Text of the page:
Jim Guthrie – Takes Time
Static Clang, 2013
The title of Jim Guthrie’s latest album comes across like a tongue-in-cheek nod to Takes Time being his first album in ten years. Guthrie’s 2003 album Now, More Than Ever is still one of those albums I try to spread Johnny Appleseed style. It’s just so fucking good, and I can’t believe no one has ever heard it (outside of Canada, where it was nominated for a Juno award). Guthrie’s blend of folk and indie-pop makes for a supremely pleasant, life affirming sound. I loved (and still love) Now, More Than Ever’s lead-off track “Problems With Solutions” so much I used it as the name of my mini comic and first blog. Whenever I see a copy for two bucks on in some clearance section at some record store I buy it because I know I know someone who would appreciate Guthrie’s talents. His ability to write songs that are both lighthearted and buoyant yet also packed with considerable depth. And here I am, writing about an album that is ten years old like it just came out yesterday. It’s timeless and tied to a piece of part of my life that was one of the best parts of my life.
It took time before I was able to truly address my affinity for Takes Time. It’s not as good as Now, More Than Ever, but that’s ok. I’m biased. I’ve had spent ten years with that album and I’ve spent maybe six months with this one. A long six months, though. Takes Time is one of the albums I’ve spent the most time with all year because I knew it had to be a grower when I was initially let down. I’m finally ready to say it’s one of my favorite albums of 2013. Not because it’s a great album, but because it satisfies this part of my soul that only Jim Guthrie can satisfy, and that’s the most important thing. There’s levity and depth and this general feeling of wellbeing that washes over me when I listen to these songs. The way I Heart Huckabees made me feel when I saw it in the theater. So good that I subsequently went back once a week until they stopped playing it at Liberty Hall. Takes Time is one of those albums that makes me recognize my place in the grand scheme. There’s something about the gorgeous, melancholy melody of “The Rest is Yet to Come,” backed up by an incredibly bright arrangement of acoustic guitar and strings.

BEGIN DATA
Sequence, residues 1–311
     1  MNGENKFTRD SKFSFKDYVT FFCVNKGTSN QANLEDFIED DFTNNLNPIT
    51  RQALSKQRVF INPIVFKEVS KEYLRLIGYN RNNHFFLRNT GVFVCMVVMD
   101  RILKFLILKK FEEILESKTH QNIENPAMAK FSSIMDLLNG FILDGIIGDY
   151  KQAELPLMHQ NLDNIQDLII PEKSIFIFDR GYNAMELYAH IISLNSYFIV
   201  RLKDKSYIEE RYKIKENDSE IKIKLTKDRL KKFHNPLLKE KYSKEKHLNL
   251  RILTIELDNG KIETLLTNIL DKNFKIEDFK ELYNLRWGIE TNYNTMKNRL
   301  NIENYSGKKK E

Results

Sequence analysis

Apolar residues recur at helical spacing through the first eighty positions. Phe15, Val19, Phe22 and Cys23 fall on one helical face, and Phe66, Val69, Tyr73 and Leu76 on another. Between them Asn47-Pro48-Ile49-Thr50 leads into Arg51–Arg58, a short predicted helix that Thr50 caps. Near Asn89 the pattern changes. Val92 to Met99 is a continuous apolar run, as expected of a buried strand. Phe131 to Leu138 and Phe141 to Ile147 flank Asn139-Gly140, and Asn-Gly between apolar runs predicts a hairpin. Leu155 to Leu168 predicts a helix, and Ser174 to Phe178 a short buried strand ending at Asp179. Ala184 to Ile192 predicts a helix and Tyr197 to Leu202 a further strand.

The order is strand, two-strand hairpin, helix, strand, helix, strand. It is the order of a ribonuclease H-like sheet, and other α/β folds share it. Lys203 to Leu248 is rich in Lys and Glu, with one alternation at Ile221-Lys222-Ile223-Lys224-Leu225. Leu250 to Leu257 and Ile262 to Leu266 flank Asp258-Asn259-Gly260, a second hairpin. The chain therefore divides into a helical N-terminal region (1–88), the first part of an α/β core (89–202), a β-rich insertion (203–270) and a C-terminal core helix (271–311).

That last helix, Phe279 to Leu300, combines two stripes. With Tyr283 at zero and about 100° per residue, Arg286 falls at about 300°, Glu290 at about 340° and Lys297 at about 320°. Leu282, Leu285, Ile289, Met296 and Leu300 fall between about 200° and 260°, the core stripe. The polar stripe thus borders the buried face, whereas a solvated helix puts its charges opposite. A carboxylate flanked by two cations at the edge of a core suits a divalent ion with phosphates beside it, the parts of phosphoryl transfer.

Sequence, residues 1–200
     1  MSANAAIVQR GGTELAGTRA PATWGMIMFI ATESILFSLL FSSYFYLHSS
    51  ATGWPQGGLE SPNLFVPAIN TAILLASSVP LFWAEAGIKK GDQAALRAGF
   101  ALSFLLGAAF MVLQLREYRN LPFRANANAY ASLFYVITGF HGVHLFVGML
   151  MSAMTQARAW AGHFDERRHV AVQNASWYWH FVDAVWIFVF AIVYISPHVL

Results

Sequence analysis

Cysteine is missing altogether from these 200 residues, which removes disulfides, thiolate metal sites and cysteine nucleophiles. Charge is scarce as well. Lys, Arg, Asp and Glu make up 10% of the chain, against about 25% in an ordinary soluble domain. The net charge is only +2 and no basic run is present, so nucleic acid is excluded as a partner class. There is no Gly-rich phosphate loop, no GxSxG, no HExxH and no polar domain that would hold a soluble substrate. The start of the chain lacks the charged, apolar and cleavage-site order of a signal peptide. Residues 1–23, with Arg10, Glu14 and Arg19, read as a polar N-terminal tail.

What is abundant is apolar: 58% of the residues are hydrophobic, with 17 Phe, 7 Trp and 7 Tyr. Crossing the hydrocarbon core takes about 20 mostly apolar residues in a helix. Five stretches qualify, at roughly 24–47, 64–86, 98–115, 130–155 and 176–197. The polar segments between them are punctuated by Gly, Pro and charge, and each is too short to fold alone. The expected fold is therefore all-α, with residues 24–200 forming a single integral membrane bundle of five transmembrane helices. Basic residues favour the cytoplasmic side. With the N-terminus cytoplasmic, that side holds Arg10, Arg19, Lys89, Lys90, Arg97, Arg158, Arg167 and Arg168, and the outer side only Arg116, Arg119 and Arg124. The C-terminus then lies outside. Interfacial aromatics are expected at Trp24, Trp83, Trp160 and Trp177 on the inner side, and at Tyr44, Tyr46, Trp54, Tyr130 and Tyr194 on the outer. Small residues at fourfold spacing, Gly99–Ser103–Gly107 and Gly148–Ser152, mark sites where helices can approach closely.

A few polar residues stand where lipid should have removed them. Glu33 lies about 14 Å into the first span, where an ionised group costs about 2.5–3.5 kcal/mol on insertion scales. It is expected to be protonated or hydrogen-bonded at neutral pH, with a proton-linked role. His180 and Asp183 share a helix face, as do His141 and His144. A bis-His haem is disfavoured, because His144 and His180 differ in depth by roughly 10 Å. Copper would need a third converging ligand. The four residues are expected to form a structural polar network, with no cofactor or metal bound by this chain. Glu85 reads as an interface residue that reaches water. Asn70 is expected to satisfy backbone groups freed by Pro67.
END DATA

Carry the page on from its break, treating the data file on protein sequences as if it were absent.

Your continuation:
While Takes Time might not be as lyrically fantastic as Now, More Than Ever, his arrangements here are his best yet. While it took him ten years to release a new album, Guthrie wasn’t just sitting around twiddling his thumbs. He spent a decent chunk of time in Nick Thorburn’s post Unicorns project Islands and subsequently released a one-off album with Thorburn under the moniker Human Highway. He recorded the music for the indie video game Sword & Sworcery and Indie Game: The Movie and overall, Guthrie is much more well-rounded than he was ten years ago even if Takes Time isn’t as cohesive as it could be. Either way, I’m just happy Jim Guthrie is back and can only hope and pray that his follow up to this one doesn’t take another ten years.
"The Rest is Yet to Come"
"Bring on the Night"